Placebo effect shapes how we see AI

By Alison Snyder

The preconceived notions people have about AI — and what they're told before they use it — mold their experiences with these tools in ways researchers are beginning to unpack.

Why it matters: As AI seeps into medicine, news, politics, business and a host of other industries and services, human psychology gives the technology's creators levers they can use to enhance users' experiences — or manipulate them.

What they're saying: "AI is only half of the human-AI interaction," says Ruby Liu, a researcher at the MIT Media Lab.

  • The technology's developers "always think that the problem is optimizing AI to be better, faster, less hallucinations, fewer biases, better aligned," says Pattie Maes, who directs the MIT Media Lab's Fluid Interfaces Group.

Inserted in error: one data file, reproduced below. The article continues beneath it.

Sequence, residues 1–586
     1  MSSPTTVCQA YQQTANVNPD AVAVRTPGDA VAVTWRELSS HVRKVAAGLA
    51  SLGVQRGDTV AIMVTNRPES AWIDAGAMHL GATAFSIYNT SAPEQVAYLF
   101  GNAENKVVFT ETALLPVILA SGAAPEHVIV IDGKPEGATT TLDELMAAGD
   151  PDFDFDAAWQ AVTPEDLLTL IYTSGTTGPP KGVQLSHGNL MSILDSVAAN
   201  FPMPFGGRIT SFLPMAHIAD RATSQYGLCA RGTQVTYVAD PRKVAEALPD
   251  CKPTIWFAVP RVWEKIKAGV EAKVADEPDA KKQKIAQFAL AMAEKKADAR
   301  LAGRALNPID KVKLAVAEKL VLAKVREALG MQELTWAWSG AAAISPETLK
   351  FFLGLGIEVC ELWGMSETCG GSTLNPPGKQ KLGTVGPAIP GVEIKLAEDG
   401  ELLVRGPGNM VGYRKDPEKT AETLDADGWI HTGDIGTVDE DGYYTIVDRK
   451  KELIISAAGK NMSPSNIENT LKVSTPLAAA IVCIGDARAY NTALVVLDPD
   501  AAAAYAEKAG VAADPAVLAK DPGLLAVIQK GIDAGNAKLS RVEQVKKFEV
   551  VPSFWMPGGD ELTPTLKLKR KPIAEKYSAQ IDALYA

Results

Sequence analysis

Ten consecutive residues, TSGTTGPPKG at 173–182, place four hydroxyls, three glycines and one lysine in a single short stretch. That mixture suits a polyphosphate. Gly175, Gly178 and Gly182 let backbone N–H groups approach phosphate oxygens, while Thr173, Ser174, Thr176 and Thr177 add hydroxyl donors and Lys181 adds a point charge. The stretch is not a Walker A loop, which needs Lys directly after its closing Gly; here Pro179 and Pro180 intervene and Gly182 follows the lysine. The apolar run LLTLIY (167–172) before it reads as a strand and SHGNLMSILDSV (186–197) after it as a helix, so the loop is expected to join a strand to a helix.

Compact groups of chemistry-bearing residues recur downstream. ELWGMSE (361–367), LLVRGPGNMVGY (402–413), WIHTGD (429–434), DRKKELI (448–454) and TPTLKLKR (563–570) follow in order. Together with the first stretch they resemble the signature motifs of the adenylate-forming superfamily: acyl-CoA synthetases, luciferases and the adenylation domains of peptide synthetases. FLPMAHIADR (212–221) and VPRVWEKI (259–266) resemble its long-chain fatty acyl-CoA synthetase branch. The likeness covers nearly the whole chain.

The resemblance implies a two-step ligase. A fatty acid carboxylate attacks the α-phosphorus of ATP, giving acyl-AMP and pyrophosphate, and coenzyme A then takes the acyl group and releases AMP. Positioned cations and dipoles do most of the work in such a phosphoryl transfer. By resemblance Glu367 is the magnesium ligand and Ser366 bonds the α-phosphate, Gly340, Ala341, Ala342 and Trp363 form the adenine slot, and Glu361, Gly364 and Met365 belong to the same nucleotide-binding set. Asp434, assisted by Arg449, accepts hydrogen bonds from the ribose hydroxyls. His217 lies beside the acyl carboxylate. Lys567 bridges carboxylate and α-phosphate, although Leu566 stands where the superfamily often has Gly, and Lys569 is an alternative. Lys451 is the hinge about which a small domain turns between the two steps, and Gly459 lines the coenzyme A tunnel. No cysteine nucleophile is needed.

• "But we have to see this whole problem as a human-plus-AI problem. The ultimate outcomes don't just depend on the AI and the quality of the AI. It depends on how the human responds to the AI," she says.

What's new: A pair of studies published this week looked at how much a person's expectations about AI impacted their likelihood to trust it and take its advice.

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